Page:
André Charlier, Consummate Haitian Intellectual, is Dead


Journalist André Charlier, “a man of letters from the very beginning,” died on Jun. 27 after a tragic fall.


André Charlier, a retired teacher, prolific Marxist intellectual, political activist, and esteemed regular columnist at Haïti Liberté, died as the result of a freak accident near his home in Queens, NY on Jun. 27 at the age of 80.

He was born on Dec. 19, 1943 to a pair of towering pioneers of the Haitian Marxist tradition. Etienne Danton Charlier and Ghislaine Rey Charlier were leading figures in two of Haiti’s early Communist parties in the 1940s and 1950s – the Popular Socialist Party of Haiti (PSP) and the Party of Popular Understanding (PEP) – as well as the authors of many seminal newspaper articles, pamphlets, and books.

As a result, their son “was a man of letters from the very beginning,” niece Vladimir Cybil Charlier and daughter Yamilée McKenzie wrote in their obituary of André. “His parents, both intellectuals and political militants, instilled in him a deep love for reading. This early passion for literature and learning would shape his life’s journey.”

Charlier hailed from aristocratic families of Haiti’s south, sometimes unscientifically called by North American academics the “mulatto elite.” His paternal Charlier side came from Anse-à-Veau/Aquin and his maternal Rey/Garoute side from Jérémie, where he often spent his vacations with his brothers.

He was an excellent student, winning first prize in Haiti’s first national competition in Haitian history in 1961. A year later, he received his Baccalaureate (high school diploma) and then traveled to France to earn a BA at the Sorbonne in Political Economy in 1971.

André Charlier

After university, André moved first to Montreal, Canada and then to New York, where he worked as a teacher and journalist. He returned to Haiti in 1995 to work for the administrations of Presidents Jean Bertrand Aristide and René Préval, “because I believed they wanted to change things in my country,” he wrote in a polemical 2021 article. “But the way I went in was the way I came out: without a nickel.” He also continued his journalism and taught in various private schools in Haiti.

In July 2010, he returned to reside in the Hillside neighborhood of Queens, NY and continue teaching. He also soon began writing for the weekly newspaper Haïti Liberté in both French and Kreyòl.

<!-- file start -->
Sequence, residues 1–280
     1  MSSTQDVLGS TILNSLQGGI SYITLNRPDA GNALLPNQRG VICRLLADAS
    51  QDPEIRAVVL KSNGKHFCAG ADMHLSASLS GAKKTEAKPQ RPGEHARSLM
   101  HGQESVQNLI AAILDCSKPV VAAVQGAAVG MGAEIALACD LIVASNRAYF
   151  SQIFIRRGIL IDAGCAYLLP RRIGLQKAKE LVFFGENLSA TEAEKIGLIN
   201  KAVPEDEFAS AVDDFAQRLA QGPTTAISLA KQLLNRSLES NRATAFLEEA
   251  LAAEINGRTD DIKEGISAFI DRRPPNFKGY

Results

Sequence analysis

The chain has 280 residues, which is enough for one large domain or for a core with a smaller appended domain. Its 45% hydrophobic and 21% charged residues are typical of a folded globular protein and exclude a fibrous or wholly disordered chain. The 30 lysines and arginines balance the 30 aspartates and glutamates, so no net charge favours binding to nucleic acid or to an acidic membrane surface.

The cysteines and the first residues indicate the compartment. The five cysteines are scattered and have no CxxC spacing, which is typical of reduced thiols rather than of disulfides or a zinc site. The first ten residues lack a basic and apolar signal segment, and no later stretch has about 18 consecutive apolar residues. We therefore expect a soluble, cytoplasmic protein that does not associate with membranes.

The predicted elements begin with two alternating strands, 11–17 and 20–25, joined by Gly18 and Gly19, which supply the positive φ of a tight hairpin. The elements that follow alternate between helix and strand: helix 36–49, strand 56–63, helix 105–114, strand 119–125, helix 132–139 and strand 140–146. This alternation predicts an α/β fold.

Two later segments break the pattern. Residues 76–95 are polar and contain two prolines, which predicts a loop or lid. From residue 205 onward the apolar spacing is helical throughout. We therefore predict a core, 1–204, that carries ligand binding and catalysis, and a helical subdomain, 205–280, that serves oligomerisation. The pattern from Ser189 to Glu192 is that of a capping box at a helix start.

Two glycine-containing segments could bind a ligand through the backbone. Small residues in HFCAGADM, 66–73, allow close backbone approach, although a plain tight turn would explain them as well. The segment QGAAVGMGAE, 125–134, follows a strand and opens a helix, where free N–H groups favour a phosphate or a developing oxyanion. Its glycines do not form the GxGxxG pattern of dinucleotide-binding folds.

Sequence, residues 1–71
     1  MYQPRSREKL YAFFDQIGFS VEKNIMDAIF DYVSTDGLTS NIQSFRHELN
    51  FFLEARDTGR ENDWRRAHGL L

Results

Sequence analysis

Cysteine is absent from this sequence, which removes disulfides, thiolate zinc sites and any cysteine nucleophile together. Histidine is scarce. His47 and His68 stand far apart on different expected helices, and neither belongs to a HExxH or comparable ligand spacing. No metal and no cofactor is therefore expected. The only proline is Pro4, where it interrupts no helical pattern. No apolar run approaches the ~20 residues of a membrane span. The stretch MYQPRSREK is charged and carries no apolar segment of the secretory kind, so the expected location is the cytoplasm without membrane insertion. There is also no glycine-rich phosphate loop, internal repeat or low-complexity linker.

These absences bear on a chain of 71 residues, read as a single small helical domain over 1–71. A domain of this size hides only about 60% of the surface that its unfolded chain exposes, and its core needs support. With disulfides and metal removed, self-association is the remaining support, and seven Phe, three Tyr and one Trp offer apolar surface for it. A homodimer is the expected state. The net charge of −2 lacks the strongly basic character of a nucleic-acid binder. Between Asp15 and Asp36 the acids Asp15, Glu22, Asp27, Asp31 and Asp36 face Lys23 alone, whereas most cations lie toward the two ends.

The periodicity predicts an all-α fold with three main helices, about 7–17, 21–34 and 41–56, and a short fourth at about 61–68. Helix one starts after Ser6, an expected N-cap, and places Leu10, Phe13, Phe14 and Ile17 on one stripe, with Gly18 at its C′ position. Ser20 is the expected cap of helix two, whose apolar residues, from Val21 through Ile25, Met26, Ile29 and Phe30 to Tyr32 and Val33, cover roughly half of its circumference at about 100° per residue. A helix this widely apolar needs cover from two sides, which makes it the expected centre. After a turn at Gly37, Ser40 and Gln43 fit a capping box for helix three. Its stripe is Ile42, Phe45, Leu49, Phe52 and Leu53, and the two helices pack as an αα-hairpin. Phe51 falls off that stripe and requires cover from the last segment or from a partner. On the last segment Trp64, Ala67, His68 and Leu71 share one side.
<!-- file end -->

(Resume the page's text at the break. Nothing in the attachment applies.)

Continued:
He kept touch with many of his old friends, including his cousin Robert Garoute, a member of Haïti Liberté’s advisory board, who also lived in Queens. “I was having trouble paying for my apartment, so André told me he had room for me in his house,” Garoute told Haïti Liberté. “Unfortunately, it looks like that won’t happen now.”

On the evening of Jun. 24, without telling others in his household, André decided to buy a hamburger on Hillside Avenue. As he walked down the steep hill to that commercial boulevard, he tripped and fell, apparently hitting his head. In the dark, he wasn’t discovered for some time and had slipped into a coma. He was taken by ambulance to a nearby hospital, where unsuccessful efforts were made to revive him. He was finally taken off life support machines and pronounced dead on Jun. 27.

André was coupled three times. He met is first wife, Dominique Françoise Bruneau, in Paris in 1966, but she died in 1975. He later married Marie Monique Edouard, and in 1980, they had a son, Tristan Charlier, who tragically died at age 24 in 2005.

In 1984, André also had a daughter, Yamilée Mackenzie, with Micheline Mackenzie.

André is survived by his daughter, Yamilée Mackenzie, and his grandson, Cruz Etienne Colette; by his brother, Jean Louis Baron-Hyppolite; by step-sons Saman Dashti and Stephan Flemens; by nephews and nieces Vladimir Cybil Charlier, Raymond Manicatex Charlier, Dielika Charlier, Bernard Charlier, Chango Elysée, Vélina Elysée Charlier,  Clara Baron Hyppolite, Adrien Baron Hyppolite, Christophe Baron Hyppolite, and their children; by his sisters-in-law Marie-Cecile Corvington-Charlier and Gerarda Elysée, by many grand-nephews and nieces and relatives from the Charlier, Piverger, Garoute, Edouard, Dessables, Salnave, Roumer, and Mackenzie families.

André’s funeral arrangements have yet to be announced.

It is fitting to close this obituary with a prescient observation made by André Charlier in one of his last columns in Haïti Liberté. In a French essay entitled “The Blood of the Vampire,” he reflected on the U.S. empire’s accelerating collapse.

“Just as a vampire cannot live without sucking the blood of others, the Bretton Woods system cannot survive without plundering the planet,” he wrote. “This explains the current world situation. This is why we are, at the moment, on the verge of nuclear war.”

He observed that increasingly the American people are being pushed into poverty and desperation. “The reality is that, in the final analysis, only international high finance, the power of money, benefits from Bretton Woods. It is the accumulation of capital pushed to its extreme limit, and at this limit, the American people are victims like all the others,” he concludes. “But we Haitians are the ones victimized to the greatest degree. But by our very suffering, we are also showing what the human species’ future will be if we let financial capital do as it wants.”

And, finally, this is how he described himself in the polemical article referenced earlier: “Myself, I have never been in a high position, in a big job with big money… But my two flags, the red flag of revolution and the flag which is blue as the sea… I will always hold on to them, and to take them from my hands, you’ll have to kill me.”

André died holding those flags high.

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